Talk of reforming the District’s campaign finance laws was rekindled this week thanks to a D.C. Council hearing on a number of reform proposals. A lot of changes are on the table — restrictions on donations from city contractors, cracking down on “bundling” and a flat ban on corporate contributions to local candidates.
But there are some reforms that don’t require the law to change. In fact, some don’t require the District government to do anything at all.
A group of activists associated with Occupy D.C. has taken matters into its own hands to greatly improve on the transparency tools offered by the city’s Office of Campaign Finance. Their new website takes data that are publicly available but not easily used or interpreted by an average citizen and mashes them up into an easy-to-understand map-based interface.
It’s intended particularly for getting a handle on the corporate “bundling” phenomenon, where a group of companies with related ownership donate to the same campaign, thus evading the contribution limit that a single corporation or individual is subject to.
A particular innovation is that the site cross-references donating businesses with a city database of corporate registrations, allowing an easy look at the “registered agents” for each business. Matching agents are a very good clue, though not foolproof, that companies have related ownership.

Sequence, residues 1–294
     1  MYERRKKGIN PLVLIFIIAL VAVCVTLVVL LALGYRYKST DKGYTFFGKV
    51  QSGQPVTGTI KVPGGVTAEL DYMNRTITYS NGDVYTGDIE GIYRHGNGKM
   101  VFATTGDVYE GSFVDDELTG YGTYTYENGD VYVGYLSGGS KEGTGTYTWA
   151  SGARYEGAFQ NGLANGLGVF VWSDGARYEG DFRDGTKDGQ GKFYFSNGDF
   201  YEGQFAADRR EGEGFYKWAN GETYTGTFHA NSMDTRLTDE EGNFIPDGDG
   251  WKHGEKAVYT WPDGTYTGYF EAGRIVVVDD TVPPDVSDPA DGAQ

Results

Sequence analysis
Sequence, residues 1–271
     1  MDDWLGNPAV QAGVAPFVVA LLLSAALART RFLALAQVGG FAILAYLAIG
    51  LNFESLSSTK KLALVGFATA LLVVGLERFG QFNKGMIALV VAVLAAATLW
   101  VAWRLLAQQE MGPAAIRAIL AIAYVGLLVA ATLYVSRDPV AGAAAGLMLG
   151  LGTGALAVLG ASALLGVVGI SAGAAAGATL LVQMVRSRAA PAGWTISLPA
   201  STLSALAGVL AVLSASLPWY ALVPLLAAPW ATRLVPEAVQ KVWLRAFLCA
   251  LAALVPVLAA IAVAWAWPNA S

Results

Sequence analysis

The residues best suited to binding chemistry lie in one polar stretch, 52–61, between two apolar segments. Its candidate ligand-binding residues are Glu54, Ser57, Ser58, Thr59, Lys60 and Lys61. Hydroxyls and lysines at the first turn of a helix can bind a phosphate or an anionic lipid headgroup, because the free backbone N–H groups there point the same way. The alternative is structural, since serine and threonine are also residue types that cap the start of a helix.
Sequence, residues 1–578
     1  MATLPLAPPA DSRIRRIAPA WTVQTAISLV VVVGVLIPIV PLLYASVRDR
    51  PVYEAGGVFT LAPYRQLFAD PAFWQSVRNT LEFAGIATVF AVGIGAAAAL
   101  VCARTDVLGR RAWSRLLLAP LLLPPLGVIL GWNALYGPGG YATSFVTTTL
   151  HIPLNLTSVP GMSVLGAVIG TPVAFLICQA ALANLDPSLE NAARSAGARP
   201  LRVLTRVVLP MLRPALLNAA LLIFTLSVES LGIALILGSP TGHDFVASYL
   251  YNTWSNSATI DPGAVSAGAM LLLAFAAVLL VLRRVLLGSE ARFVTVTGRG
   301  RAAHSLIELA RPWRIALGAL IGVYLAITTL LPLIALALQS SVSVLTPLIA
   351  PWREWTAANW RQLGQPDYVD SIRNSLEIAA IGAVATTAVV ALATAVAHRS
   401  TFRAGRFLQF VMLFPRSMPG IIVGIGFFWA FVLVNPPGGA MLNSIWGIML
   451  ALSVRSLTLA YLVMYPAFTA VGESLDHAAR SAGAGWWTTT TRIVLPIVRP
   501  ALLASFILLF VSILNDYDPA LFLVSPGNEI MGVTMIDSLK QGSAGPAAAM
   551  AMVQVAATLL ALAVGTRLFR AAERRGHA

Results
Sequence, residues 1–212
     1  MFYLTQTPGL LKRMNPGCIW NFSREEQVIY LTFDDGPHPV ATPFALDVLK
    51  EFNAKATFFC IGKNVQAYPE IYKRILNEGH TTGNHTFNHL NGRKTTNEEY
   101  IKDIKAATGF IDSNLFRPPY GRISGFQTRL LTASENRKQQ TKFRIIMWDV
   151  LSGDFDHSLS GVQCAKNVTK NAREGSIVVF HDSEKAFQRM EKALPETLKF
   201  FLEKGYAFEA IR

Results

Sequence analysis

The site is the result of months of work from Chris Herwig, Travis McArthur, Mike Morris, Zack Pesavento and a few others who met via Occupy D.C.’s data committee. (The process of accessing the corporation data, they said, was particularly onerous.) They are admirers of but not participants in the D.C. Committee to Restore Public Trust, the current campaign to ban corporate contributions to D.C. candidates.
Said Pesavento: “Public servants ought to be beholden to the taxpayers who pay their salaries. Instead, the political establishment is busy dancing for corporate puppet-masters who are using shady tactics to stuff their campaign war chests. We already know that this city’s politics are rotten. But if we can figure out how to illustrate the corruption in a clear and accessible way, we have a better shot at translating that knowledge into power. In this case, the information was available, but in an unaccessible format that required months of work to process.”
Occupy D.C. might be gone from McPherson Square, but the data committee is still at work a block away: They meet Tuesdays at 7:30 p.m. at the Starbucks at 16th and K streets NW.